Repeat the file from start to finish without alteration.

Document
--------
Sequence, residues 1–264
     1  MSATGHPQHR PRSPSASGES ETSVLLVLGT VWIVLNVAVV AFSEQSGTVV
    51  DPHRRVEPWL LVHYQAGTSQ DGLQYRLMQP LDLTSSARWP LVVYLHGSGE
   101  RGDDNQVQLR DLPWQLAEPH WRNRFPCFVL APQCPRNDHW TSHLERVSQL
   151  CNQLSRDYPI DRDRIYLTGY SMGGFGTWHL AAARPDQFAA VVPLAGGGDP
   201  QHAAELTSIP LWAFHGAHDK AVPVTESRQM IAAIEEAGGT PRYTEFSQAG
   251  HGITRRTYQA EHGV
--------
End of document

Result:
Sequence, residues 1–264
     1  MSATGHPQHR PRSPSASGES ETSVLLVLGT VWIVLNVAVV AFSEQSGTVV
    51  DPHRRVEPWL LVHYQAGTSQ DGLQYRLMQP LDLTSSARWP LVVYLHGSGE
   101  RGDDNQVQLR DLPWQLAEPH WRNRFPCFVL APQCPRNDHW TSHLERVSQL
   151  CNQLSRDYPI DRDRIYLTGY SMGGFGTWHL AAARPDQFAA VVPLAGGGDP
   201  QHAAELTSIP LWAFHGAHDK AVPVTESRQM IAAIEEAGGT PRYTEFSQAG
   251  HGITRRTYQA EHGV